The Wild Life

I started camping when Jack joined Boy Scouts.  We bought a tent and sleeping bags and usually partnered with Georgie on camping expeditions.  The first trip we took was to Big Bend between Christmas and New Year’s.  

It was really too big of a trip.  The tent was an enormous, drafty thing and the sleeping bags were more the slumber party type.  I felt like Lucky in 101 Dalmations:  “…my tail’s froze and my nose is froze and my ears are froze and my toes are froze.”

In the extremely unlikely event that you do see a mountain lion, stand your ground or back away slowly. Whatever you do, don't run, as that stimulates the mountain lion's attack instinct.

It was amazingly fun in the daylight when the temperature rose to mid-60’s and we went hiking.  We laughed at the advice on how to discourage a mountain lion attack (stand your ground, don’t run, make yourself look big, shout, don’t bend over) until we saw the size of a stuffed mountain lion at the ranger station.  They are big!  I had a bobcat size in mind.  I’m not sure I could have stopped myself from running.  And shout?  We’d have been screaming down the mountain.

It always rains on tents. Rainstorms will travel thousands of miles, against prevailing winds for the opportunity to rain on a tent. ~Dave Barry

I ended up donating the tent to Goodwill after a spring time camping trip with Jack when a late norther brought 3 inches of rain in 1 hour.  That tent was not made for rainfall.  It was the coldest, wettest night I’ve ever spent.  Jack and I slushed through the mud and skidded out of the campgrounds at the first light of day.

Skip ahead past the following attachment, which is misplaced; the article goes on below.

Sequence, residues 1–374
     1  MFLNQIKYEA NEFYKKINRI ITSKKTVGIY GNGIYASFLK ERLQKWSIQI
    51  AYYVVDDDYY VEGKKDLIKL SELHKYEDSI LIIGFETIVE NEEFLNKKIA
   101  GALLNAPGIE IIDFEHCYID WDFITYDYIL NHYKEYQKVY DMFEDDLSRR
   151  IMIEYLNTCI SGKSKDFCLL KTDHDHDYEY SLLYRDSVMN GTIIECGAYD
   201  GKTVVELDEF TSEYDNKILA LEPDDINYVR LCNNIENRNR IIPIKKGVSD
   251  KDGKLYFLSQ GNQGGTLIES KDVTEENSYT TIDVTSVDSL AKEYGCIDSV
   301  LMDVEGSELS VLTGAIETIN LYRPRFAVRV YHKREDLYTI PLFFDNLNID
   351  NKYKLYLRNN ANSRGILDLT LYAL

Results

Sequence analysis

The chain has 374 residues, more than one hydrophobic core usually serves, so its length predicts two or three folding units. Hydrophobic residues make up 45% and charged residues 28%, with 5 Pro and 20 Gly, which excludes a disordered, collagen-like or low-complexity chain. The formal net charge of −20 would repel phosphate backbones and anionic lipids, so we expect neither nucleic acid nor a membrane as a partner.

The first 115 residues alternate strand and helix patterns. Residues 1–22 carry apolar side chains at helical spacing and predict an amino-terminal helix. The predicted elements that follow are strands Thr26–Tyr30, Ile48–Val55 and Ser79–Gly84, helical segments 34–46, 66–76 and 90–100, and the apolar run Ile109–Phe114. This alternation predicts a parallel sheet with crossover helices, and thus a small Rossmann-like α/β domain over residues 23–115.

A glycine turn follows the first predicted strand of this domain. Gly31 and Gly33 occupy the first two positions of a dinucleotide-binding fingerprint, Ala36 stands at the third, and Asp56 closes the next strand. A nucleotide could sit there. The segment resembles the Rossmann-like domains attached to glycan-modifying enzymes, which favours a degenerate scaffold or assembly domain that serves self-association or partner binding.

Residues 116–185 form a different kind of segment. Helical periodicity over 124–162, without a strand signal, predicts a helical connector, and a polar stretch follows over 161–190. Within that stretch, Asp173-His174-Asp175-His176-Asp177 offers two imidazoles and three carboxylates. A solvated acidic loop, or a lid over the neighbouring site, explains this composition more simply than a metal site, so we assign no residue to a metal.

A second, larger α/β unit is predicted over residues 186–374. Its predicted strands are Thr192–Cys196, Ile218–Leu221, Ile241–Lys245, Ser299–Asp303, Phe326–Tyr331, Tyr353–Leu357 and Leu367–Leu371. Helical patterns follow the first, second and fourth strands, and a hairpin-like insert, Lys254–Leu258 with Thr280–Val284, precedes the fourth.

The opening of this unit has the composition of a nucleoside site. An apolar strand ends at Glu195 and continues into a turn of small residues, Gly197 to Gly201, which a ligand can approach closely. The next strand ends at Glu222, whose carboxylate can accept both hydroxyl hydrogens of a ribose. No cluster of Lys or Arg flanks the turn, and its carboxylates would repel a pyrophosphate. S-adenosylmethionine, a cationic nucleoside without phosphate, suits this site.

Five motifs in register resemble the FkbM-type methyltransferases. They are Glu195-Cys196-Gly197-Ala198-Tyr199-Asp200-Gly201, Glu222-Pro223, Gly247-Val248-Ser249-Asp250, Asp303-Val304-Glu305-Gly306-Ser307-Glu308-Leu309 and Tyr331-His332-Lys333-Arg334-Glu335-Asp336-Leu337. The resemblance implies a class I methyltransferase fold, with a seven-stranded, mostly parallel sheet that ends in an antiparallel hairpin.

My older granddaughters, Nina and Savanna, came with us on several camping trips.  On one trip their suitcase blew out of the truck.  We didn’t discover the loss until we were several miles down the road.  A slow search of IH 37 near Mathis didn’t yield their clothing so we ended up having to resale shop it.  It so traumatized Savanna that I haven’t been able to convince her to go camping again.  (“Hey, Savanna!  Want to do something this week-end?” “What?” “Camp up near Georgie’s.”  “Oh!  I forgot! I’m busy…”)

Over the next few years, we accumulated better equipment and visited state and private parks throughout central and west Texas.  We camped at Fort Davis one year when it was so cold the saline solution in my contact lens case froze.    

Georgie got to be a proficient dutch oven cooker.  Thanksgiving 2003 found us cooking dinner under the coals of a campfire.  We had smoked turkey and smoked dressing with pineapple upside cake for dessert.

MA and Gerald have joined us for several camping trips but we had to ban them after Easter 2009.  It was the 3rd trip that they joined us on and the 3rd time that we were

Marry an outdoors woman. Then if you throw her out into the yard on a cold night, she can still survive. W. C. Fields

pounded with torrential rain.  Coincidence?  I think not.  I think they did a rain dance before they came.

There’s something amazing about waking to the sounds of nature and being away from the electronic world that I so rely on.   When I’m lucky, the other campers are of a like mind and I don’t have to listen to their taste in music.  If I’m not so lucky, I end up dancing to hip-hop or Latin rhythms or country songs.  I may not like the music but I like dancing around the campsite.

About texasgaga

I am a mom, a grandmom (Gaga to my 2nd oldest grand-child), a sister, a friend, a construction estimator, a homeowner, an active member of a 12 step recovery group, an artist, a reader, a survivor, a do it yourself wannabe, a laugher
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